Whether open-plan living hits the spot, or smaller, independent rooms suit your lifestyle, lighting plays a huge part in the success of any area.
Natural Light is Key
Clever use of internal lighting can play an important part in zoning areas and creating atmospheres - bright, utilitarian lighting for the kitchen is important, however, offset these by adding softer Led lighting to the underside of the units - both the wall units and the floor units - so that the area can remain lit when not in use. Overhead dimmable ceiling or pendent lighting for the eating area is useful in order to adapt to the task in hand whether it be eating or studying and avoid shadows. Free standing lamps will also serve to create an ambient and warm feel, but cannot be relied upon for utilitarian purposes, thus secondary free-standing lighting will be required for this. Lighting has the ability to change moods, highlight objects and artwork, and bring an area to life, or just as easily kill it, so consideration is a priority to ensure you get it right, especially if you enjoy open plan living.
Create a Home Office
Having maximised the use of the communal living space, perhaps consider utilising other areas of your home for another important requirement - an office. If space is tight, pocket-offices can be incorporated into under-stair cupboards or wardrobes and by using pendent lighting desk space will remain clear and clutter-free. Spare bedrooms also blend well to a home office where the wardrobes can be utilised. Or vica-versa - an office can become a useful spare bedroom by incorporating a sofa-bed or a multi-functional day-bed. In any event, try and keep surfaces and shelving organised - ideally hide files and stationery in a dresser which can also be used for clothing. Likewise, Ottoman's offer great storage for linen and towels, Computer armoire's are handy too and wireless technology further works in our favour. Again, emphasis should be placed on appropriate lighting - dimmables offer the best flexibility, with free-standing to add ambience.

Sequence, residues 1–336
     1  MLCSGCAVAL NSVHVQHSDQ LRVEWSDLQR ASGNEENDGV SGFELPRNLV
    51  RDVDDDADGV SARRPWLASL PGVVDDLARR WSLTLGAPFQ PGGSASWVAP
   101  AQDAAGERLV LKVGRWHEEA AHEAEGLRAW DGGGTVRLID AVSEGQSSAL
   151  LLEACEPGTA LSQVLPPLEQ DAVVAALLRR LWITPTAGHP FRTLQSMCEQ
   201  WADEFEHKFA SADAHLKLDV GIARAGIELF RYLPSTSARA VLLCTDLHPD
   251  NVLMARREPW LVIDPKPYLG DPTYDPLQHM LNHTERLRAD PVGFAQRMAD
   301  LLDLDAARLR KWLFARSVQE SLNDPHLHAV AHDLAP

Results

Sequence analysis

Create a Den
Redundant dining rooms are now being adapted into media-rooms or 'dens'. Whilst communal family spaces encourage a more social lifestyle - the advancement of multi-media applications and computer gaming can often discourage communication. More and more there is a line which is being drawn - a shared and open plan space is welcomed, but computer gaming - often deemed anti-social - requires a separate space. Bean-bags, gaming seats and plenty of storage for the paraphernalia will ensure an adaptable room which can evolve in line with it's occupants and can be returned to a dining room in the future. This is another room where you can be creative with the lighting - lava lamps, ceiling led's, neon lighting........
A Completely Private Space
Possibly the only area in your home that shouldn't offer flexibility is the sanctuary of your bedroom. Leave it as just that - your bedroom.
If you need help with space planning or room design, why not call one of our designers for inspiration?